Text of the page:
Thursday, December 23, 2010

Finding That Perfect Moment

Every so often, I hope to post short anecdotes about the impetus behind some of the characters, backdrops or ideas expressed in my writing. Right now, a short note about the "happy accidents" that can occur when combining two ore more notions into something meaningful.

A lot of writing is about choosing the correct details to share about a scene, a character, or a moment in the story.  It's really the same for a lot of different creative mediums.  Just have a look at this set of "perfect moment" photographs to get a sense of what I mean.

Here's a moment from my novel, "On The Gathering Storm" that involves a car crash. It's based on a traffic accident that I was involved in but in re-telling it, I focused more on the feelings one would have in such a catastrophe and less on the choreography of the vehicles. In the end, I stumbled across the final bit of dialogue from an anecdote a friend once told me, and the two bits came together quite well, I think.

Crack. Crunch. Spin. 
And then things come to rest. Like whirling tops on kitchen linoleum, finally exhausted, finally seeing the pointlessness in their childish play.
Hannah is a wakeful corpse, witness to the event, yet unable to see. Unable to move. When she finally does move and gets out of her car, it’s dreamy and far off—-like watching the events on television instead of living through them. Later she’ll remember the bloodied foreheads in the other car. They are both moving, moaning, incoherent when she asks them if they are okay. And then, dreamlike, wafting as smoke from a firearm on a breeze, she’s moving to the ditch where D.’s Prelude has been flung.
He’s under a thick blanket of glass and blood. His eyes are tightly closed. He only hears Hannah. Doesn’t see her. Then his eyes open. They try to focus. Just when she thinks he can’t move he reaches through the open space of his driver’s window and clutches her arm. It’s a painful pinch, like forceps. She grimaces, still in her trance. He says, over and over, again and again, “The light was green, Hannah. Remember. The light was green. Green Hannah. The light was green. Remember. The light was—”

In telling a story, finding those ideal spots or details is not much different than a similar moment in photography when patience, timing and the gut feeling you have when you find those great shots all converge. Sure, you need to have inspiration strike, be in the right place at the right time, but you also need to have some idea of what you're doing with your f-stops and your flash bulb.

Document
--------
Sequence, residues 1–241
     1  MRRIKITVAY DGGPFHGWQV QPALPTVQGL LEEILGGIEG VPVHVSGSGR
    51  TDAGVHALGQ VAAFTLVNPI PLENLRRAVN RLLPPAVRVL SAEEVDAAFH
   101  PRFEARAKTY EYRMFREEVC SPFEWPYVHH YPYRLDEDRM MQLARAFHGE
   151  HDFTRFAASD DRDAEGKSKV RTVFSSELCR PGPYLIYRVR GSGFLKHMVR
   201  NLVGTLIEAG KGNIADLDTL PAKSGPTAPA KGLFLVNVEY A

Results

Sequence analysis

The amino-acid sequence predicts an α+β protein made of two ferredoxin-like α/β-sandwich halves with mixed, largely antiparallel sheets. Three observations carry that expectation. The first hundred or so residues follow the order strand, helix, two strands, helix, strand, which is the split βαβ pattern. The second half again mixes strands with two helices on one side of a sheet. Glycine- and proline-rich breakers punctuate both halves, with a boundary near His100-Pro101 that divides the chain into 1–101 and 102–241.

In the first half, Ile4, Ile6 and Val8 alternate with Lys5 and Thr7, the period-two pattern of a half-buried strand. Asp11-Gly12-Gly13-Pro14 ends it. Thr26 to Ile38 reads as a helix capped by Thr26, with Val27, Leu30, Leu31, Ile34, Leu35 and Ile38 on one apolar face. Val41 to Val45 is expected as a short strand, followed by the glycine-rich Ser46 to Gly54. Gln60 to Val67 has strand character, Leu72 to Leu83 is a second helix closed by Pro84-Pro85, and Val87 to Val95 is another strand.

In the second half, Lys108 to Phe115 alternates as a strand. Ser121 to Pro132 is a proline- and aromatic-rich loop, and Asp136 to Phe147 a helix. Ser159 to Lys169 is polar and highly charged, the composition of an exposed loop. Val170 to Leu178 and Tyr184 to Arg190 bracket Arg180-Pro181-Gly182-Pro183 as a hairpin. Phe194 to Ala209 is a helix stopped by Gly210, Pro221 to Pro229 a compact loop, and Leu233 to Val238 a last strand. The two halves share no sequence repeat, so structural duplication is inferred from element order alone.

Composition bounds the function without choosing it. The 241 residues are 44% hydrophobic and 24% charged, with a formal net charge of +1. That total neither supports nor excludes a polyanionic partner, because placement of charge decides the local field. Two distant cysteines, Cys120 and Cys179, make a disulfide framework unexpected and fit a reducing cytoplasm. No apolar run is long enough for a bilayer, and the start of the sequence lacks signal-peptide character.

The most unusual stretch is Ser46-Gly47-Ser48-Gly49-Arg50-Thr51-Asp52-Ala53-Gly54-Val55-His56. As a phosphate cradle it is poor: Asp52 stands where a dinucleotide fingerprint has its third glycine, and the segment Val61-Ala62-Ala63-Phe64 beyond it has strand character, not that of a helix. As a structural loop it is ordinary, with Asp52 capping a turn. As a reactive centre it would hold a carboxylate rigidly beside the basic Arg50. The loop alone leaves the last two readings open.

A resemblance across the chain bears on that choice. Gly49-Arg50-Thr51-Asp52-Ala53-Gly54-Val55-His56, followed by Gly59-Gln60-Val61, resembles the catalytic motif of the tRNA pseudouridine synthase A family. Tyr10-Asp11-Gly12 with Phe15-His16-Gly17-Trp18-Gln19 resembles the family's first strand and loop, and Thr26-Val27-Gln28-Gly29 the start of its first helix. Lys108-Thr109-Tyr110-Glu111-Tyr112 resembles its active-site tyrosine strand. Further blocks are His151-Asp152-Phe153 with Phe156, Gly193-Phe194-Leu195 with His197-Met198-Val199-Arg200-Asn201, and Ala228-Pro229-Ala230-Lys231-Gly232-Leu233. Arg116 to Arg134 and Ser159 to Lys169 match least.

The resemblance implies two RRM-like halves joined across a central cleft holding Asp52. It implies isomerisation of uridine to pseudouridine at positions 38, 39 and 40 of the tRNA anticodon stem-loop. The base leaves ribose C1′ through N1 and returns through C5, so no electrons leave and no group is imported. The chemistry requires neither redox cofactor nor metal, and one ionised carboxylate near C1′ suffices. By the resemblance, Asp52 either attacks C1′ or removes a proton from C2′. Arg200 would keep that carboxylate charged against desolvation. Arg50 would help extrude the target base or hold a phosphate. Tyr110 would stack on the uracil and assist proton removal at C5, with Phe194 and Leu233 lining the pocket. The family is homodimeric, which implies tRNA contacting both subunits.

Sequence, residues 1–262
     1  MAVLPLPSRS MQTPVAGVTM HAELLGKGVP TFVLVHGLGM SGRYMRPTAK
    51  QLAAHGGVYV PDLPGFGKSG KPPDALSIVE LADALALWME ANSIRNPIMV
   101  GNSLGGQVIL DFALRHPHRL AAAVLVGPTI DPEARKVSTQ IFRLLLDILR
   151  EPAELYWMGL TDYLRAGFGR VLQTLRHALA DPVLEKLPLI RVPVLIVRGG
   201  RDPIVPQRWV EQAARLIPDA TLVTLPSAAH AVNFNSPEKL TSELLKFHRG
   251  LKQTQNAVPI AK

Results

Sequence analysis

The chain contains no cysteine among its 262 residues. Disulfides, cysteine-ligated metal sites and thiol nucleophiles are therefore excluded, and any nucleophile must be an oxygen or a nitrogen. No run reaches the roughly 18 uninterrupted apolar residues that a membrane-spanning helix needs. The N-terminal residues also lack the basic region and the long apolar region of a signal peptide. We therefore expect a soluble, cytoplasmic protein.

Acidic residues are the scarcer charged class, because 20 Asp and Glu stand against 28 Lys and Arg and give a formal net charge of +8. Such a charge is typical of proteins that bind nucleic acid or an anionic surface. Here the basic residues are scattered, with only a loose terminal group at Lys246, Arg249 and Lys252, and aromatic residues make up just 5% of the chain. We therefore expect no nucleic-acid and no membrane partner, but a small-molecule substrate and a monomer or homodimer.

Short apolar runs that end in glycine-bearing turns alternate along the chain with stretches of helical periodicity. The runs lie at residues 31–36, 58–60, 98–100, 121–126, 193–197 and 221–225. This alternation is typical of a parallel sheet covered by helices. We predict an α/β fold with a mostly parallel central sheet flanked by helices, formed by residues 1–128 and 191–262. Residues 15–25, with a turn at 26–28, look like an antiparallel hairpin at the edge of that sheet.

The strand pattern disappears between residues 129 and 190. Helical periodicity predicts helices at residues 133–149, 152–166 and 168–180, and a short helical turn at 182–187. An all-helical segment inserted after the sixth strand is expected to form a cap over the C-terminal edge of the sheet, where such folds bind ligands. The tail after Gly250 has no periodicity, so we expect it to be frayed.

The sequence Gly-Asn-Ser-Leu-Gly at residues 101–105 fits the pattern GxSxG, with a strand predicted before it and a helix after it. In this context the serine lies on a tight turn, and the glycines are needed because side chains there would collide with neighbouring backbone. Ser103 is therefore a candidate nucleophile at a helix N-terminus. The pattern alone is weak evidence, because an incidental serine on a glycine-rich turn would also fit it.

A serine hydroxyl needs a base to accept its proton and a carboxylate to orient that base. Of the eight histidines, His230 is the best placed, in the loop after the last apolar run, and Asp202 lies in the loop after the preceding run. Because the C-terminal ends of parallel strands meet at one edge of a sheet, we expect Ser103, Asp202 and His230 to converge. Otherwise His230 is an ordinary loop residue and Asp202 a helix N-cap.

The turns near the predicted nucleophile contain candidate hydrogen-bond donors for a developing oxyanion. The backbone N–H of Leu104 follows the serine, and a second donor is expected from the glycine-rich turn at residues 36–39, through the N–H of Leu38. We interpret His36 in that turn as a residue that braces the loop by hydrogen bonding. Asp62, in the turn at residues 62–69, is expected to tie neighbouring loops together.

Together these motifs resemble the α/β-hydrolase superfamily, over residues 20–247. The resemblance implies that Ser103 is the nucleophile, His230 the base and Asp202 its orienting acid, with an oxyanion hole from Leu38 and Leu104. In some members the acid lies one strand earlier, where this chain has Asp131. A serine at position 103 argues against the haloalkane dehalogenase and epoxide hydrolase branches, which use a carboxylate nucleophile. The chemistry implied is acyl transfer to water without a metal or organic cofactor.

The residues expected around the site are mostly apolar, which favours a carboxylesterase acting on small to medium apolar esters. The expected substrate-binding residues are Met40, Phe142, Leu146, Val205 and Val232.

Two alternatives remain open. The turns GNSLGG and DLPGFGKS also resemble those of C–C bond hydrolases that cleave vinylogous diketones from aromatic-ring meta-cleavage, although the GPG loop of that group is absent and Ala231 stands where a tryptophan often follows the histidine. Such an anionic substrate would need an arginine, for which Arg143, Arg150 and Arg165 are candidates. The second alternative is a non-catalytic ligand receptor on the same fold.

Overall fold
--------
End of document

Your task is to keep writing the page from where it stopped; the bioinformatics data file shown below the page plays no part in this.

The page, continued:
1. Great photos! You've made an excellent analogy between capturing the moment in photography and in writing. The angle at which you view a scene makes all the difference. You know, of course, that I loved On The Gathering Storm. The scene you mention here is so vivid. The emotions, your view of the scene, are what make it unique and captivating. Otherwise, it would have been nothing more than another generic car accident.

  2. One of the things I appreciate about your work is your ability to pare down your descriptions of scenes and characters and still evoke very memorable and striking mental images of moments in your stories. What may have taken someone else a page or two of an album, you seem to be able to get across in a few well framed shots.

    This was a fun insight into your multi-media mentality as an artist. Thanks!

  3. I like how you phrase that, Darcia: "The angle at which you view a scene." It's a great notion. Everything is subjective and you can see something from the omniscience of a third-person narrator or through the eyes of a character. It's can provide a stunning juxtaposition to something as simple as making the morning coffee...and you can use it to add suspense, drama, terror or thoughtfulness.

    Ann, I have no idea where this desire to pare things down in my writing comes from. I can only suspect it's from the same place inside me that tries to simplify everything -- from the number of art pieces hung on a wall to the number of forks in a kitchen drawer. I have only my chronic foibles to blame.

    Thanks to you both for your insightful and interesting comments!


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